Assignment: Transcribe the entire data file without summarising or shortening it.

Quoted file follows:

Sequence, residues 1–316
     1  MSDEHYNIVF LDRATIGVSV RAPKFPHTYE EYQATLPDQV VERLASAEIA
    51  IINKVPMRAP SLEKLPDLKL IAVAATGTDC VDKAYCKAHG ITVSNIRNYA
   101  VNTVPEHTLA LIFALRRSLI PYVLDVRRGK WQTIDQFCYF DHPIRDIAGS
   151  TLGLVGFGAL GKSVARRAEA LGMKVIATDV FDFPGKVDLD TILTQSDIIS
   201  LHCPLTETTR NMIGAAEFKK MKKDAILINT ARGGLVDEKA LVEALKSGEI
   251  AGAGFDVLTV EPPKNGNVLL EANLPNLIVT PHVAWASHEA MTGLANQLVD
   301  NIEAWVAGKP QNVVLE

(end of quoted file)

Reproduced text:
Sequence, residues 1–316
     1  MSDEHYNIVF LDRATIGVSV RAPKFPHTYE EYQATLPDQV VERLASAEIA
    51  IINKVPMRAP SLEKLPDLKL IAVAATGTDC VDKAYCKAHG ITVSNIRNYA
   101  VNTVPEHTLA LIFALRRSLI PYVLDVRRGK WQTIDQFCYF DHPIRDIAGS
   151  TLGLVGFGAL GKSVARRAEA LGMKVIATDV FDFPGKVDLD TILTQSDIIS
   201  LHCPLTETTR NMIGAAEFKK MKKDAILINT ARGGLVDEKA LVEALKSGEI
   251  AGAGFDVLTV EPPKNGNVLL EANLPNLIVT PHVAWASHEA MTGLANQLVD
   301  NIEAWVAGKP QNVVLE